A higher order function (HOF) is a function that follows at least one of the following conditions −
- Takes one or more functions as arguments
- Returns a function as its result
And then From the PHP Void RFC:
return null; are technically equivalent in PHP; when a return value isn't specified, PHP will produce
null for you. However, choosing one over the other suggests intent. If you specify a value, it suggests the value is significant. In a void function, the return value is insignificant: it's always the same and has no actual usefulness. Specifying it explicitly with return null; is pointless, because it doesn't really matter what value the function is going to return.
Therefore there's simply no need to provide a warning and it would simply require the usage of another function and additional significant compile-time overhead to notify a return error on a piece of code that is deliberately intended not to return.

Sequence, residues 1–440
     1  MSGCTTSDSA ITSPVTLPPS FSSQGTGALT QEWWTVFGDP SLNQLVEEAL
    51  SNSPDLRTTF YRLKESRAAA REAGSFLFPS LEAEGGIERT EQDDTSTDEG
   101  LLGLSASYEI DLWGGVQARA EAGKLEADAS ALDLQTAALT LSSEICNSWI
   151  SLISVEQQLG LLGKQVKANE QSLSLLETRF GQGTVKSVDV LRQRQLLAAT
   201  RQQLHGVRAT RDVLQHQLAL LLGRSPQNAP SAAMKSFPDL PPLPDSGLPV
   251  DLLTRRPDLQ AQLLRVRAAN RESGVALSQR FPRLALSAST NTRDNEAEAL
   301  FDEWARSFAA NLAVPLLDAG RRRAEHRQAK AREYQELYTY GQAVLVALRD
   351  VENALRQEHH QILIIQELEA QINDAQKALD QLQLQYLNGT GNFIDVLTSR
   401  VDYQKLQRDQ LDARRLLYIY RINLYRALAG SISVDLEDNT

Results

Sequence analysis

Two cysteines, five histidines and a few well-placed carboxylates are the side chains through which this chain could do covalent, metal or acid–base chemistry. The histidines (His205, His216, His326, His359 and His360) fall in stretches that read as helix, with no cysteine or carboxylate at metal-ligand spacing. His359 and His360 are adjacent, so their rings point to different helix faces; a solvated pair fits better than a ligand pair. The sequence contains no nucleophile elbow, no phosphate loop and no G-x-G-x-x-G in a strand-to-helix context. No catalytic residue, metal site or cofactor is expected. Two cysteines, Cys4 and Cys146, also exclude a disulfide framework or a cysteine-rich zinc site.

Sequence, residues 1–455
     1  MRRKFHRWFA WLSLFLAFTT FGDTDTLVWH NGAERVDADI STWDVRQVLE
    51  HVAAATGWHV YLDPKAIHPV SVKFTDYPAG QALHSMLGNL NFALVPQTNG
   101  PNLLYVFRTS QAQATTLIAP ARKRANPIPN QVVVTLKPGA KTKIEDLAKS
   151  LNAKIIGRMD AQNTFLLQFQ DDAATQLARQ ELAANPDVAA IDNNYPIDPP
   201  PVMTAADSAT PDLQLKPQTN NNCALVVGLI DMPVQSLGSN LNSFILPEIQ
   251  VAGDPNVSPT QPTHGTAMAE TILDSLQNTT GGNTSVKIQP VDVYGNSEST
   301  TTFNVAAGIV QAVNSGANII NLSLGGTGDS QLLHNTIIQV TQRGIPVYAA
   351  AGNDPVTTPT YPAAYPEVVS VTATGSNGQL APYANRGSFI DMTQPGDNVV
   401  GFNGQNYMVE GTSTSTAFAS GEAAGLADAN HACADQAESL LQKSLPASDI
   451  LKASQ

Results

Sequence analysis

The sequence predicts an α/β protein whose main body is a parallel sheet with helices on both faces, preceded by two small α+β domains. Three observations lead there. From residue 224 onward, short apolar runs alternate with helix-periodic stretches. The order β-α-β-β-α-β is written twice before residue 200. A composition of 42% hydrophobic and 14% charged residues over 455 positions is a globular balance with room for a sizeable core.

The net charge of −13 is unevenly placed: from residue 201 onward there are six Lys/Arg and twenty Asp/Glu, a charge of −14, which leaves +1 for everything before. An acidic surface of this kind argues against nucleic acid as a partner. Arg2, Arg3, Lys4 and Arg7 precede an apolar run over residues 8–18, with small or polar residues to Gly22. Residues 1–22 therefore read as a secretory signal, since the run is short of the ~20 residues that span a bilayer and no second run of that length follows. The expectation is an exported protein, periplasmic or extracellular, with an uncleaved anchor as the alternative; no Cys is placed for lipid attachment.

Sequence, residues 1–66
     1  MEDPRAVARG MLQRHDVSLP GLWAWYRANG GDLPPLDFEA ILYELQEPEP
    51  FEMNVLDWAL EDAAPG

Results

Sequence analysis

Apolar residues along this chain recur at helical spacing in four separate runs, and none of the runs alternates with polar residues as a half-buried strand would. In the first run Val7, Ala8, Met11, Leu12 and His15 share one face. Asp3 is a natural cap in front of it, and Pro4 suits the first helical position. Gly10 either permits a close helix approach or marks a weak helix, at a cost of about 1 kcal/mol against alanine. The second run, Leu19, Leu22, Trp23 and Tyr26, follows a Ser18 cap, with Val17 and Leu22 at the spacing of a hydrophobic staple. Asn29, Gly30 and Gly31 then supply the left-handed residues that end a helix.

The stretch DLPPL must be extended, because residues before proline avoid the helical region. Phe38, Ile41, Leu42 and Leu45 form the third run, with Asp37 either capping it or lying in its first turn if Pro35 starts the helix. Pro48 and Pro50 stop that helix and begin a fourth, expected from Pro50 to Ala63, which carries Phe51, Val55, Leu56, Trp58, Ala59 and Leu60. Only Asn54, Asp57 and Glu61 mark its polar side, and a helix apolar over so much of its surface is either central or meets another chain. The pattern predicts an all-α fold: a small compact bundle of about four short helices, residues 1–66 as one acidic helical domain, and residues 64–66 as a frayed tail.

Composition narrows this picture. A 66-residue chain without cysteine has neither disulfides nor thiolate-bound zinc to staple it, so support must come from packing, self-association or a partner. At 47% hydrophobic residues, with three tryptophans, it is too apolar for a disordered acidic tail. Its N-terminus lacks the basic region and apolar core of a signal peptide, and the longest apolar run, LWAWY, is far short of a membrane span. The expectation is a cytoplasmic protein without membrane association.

Think of it like this:
- I will keep lots of sponges on standby just incase the empty milk carton gets knocked over.
The carton will always be empty by intention so there's no need for going down the shop and buying 12 super absorbant sponges!
To view exactly which functions would be called, try exploring the (open source) compile-time error handling logic of PHP 7; to see what functions will be called to process a function that causes a similar error (such as returning an unrecognised or incorrect type).
These functions will be the ones that are not called by silently returning
null instead of an error on PHP 7.1 intended
void return types.